The US military-industrial complex’s pursuit of Edward Snowden, the National Security-contractor turned whistleblower, has exposed the hollowness of US claims to being a society governed by the rule of law. Surveillance and espionage even at home are what America is all about.
The Edward Snowden saga is suggestive of Hollywood espionage thrillers such as the blockbuster Bourne Identity series. That is, man outwitting political machine with its vast espionage and surveillance tentacles, racing one-step ahead of its agents of retribution. Perhaps this is intended — part of the media’s politics of misdirection is to vamp up the cult of personality and shift attention from the main issue at hand. But the magnitude of his leak cannot be mitigated — Snowden spills secrets of the very architecture of the National Security State.
Glen Greenwald, The Guardian journalist, through whom Snowden has been delivering the leaks, reflected on the magnitude noting that Edward Snowden has enough information to damage the US, more than “anyone else has ever had in history.” Snowden revealed the collusion of major tech and telecommunications companies with the Nation Security State, how secret FISA court orders order them to deliver emails, calls, search histories, and personal information of their clients to the government. The list of companies participating in the program outlines the global tentacles of the Security State — Microsoft, Apple, Paytalk, AOL, Facebook, YouTube, Skype, and Yahoo.
As Jeff Mackler noted in a July 2 article in Counterpunch, “…a government spy program, code-named Prism allowed corporations like Apple to officially deny that they were the “direct” source that inspected the information or allowed immediate government access to it. They could point out instead that they served as merely a conduit that funneled all such information into Prism.” According to the information leaked by Snowden, the NSA collects phone records on 3 billion private communications per day.
As the military industrial complex is at its very heart, a business, it appears that secret court orders for surveillance have opened up a multi-million dollar market for internet and telecommunications providers. AT&T, for example, imposes a $325 “activation fee” for each wiretap and $10 a day to maintain it. Smaller carriers Cricket and US Cellular charge only about $250 per wiretap. However, Verizon charges the government $775 for the first month and $500 each month after that, according to industry disclosures. “Terrorism” has become the military-industrial elite’s golden goose, where US taxpayers’ dollars are funneled into corporate access to their private communications.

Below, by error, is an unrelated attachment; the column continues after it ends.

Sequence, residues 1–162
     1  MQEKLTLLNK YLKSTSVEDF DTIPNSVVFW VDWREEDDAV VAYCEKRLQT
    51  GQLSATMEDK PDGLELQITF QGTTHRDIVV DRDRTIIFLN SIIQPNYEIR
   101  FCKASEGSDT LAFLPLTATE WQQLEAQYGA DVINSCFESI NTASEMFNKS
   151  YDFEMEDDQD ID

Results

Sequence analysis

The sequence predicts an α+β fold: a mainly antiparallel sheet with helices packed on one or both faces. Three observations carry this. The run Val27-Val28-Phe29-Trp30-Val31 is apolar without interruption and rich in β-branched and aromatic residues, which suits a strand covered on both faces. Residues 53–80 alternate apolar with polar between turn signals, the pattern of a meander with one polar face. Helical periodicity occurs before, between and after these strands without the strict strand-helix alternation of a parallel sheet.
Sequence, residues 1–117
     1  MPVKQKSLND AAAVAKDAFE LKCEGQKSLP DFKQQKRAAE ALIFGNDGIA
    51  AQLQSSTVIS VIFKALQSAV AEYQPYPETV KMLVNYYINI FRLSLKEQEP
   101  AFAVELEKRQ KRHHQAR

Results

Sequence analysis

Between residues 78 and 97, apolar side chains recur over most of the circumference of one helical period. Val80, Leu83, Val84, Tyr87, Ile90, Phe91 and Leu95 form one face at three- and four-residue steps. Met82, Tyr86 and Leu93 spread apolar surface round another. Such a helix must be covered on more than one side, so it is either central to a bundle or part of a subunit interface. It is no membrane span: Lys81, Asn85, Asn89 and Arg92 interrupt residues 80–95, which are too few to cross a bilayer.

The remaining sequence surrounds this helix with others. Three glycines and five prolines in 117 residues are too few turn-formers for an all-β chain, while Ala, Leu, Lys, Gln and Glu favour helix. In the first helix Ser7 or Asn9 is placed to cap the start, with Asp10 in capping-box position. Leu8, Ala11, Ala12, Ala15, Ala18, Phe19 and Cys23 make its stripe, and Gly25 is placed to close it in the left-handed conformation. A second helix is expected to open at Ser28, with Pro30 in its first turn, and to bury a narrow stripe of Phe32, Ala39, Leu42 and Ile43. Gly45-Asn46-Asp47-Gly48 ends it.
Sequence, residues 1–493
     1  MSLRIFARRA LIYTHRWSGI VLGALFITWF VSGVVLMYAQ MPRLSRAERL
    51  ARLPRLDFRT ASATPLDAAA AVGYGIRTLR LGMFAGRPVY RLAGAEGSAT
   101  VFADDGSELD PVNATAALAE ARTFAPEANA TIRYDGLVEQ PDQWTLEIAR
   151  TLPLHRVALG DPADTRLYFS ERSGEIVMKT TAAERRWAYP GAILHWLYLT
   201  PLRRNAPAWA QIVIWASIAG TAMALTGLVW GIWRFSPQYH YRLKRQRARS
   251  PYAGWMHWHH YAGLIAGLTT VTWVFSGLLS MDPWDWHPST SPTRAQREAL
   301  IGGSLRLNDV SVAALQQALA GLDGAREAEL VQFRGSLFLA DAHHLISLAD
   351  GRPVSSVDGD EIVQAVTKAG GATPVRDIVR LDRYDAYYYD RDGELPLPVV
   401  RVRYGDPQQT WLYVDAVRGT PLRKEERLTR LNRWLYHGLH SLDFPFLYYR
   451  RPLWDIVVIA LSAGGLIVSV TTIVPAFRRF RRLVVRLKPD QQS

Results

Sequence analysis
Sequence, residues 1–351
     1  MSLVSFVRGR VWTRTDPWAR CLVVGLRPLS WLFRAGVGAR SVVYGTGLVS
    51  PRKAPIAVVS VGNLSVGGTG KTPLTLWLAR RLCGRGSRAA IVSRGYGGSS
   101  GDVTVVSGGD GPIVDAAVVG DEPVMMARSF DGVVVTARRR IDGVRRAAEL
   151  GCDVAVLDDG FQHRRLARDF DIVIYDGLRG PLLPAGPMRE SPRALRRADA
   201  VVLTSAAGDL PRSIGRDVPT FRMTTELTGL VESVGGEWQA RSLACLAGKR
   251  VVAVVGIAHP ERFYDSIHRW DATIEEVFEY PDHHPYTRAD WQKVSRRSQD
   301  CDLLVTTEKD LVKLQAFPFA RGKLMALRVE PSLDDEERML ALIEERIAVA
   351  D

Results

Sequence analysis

While the spy-drama of Snowden’s dramatic escape has overshadowed the impact of the leaks in recent days, the escape also illustrates the current imperial resistance in a post-9/11 world. China and Russia have been less than cooperative with US global imperial agendas, putting up a shadow front in the halls of Great Power politics. For instance, Snowden fled Hawaii for Hong Kong when The Guardian first leaked information regarding the NSA’s PRISM program. While the US immediately issued an arrest warrant for Snowden on charges of espionage and theft of official state secrets, experts on Chinese affairs relate that China secretly delivered orders to Hong Kong authorities to disregard the United States’ arrest warrant. Snowden then fled to Russia, where he made several applications for asylum to Latin America. When the United States began pressuring Russia for Snowden’s extradition, Putin issued a denial, giving a dramatic press conference where he declared that “Edward Snowden is a free man, and can go anywhere he wants.” While thumbing his nose at the US, Putin’s press conference also served to burnish an image stained with KGB-style human rights abuses.
The Snowden drama is also entangled with US-Latin American relations, where resistance to the US empire has coalesced in leftist governments insisting on Latin America’s regional autonomy free from the ghost of the Monroe Doctrine. When the presidential plane of Bolivia’s Evo Morales was grounded in Vienna on US orders on suspicion that it was carrying Snowden to asylum, Latin America erupted into angry protest against “Yankee arrogance” that persisted in seeing the southern continent as a US backyard. Four Latin American countries came through with offers of asylum for Snowden — Nicaragua, Bolivia, Ecuador (which is sheltering WikiLeaks founder Julian Assange in its embassy in London), and Venezuela.
Morales himself summed up the perspective of the millions of Latin Americans cheering for their presidents showing muscle to the US, “The Europeans and Americans think that we are living in the era of empires and colonies,” declared Morales. “They are wrong. We are free people. They think that by intervening in our affairs, staging coups, installing neoliberals or military dictatorships they can suck out our resources. But this is in the past; they can no longer do this.”